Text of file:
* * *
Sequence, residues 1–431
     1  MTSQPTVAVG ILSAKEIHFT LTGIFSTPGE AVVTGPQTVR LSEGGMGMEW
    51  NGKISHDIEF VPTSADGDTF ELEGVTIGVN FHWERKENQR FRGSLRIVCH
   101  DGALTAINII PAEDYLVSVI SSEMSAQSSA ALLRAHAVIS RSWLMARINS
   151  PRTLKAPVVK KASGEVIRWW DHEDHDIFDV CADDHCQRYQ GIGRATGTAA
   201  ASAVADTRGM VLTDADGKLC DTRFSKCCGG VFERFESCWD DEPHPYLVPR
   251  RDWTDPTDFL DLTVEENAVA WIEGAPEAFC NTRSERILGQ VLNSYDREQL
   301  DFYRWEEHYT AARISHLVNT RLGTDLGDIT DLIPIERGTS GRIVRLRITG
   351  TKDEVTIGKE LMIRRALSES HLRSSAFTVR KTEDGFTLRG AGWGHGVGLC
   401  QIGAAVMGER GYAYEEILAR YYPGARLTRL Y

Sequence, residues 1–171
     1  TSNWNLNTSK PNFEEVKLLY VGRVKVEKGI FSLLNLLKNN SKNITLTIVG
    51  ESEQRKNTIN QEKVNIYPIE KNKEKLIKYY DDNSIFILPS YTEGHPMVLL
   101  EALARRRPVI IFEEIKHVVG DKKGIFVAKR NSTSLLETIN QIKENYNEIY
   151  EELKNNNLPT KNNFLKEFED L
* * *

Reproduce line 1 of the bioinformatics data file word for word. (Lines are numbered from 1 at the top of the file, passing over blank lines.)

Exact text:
Sequence, residues 1–431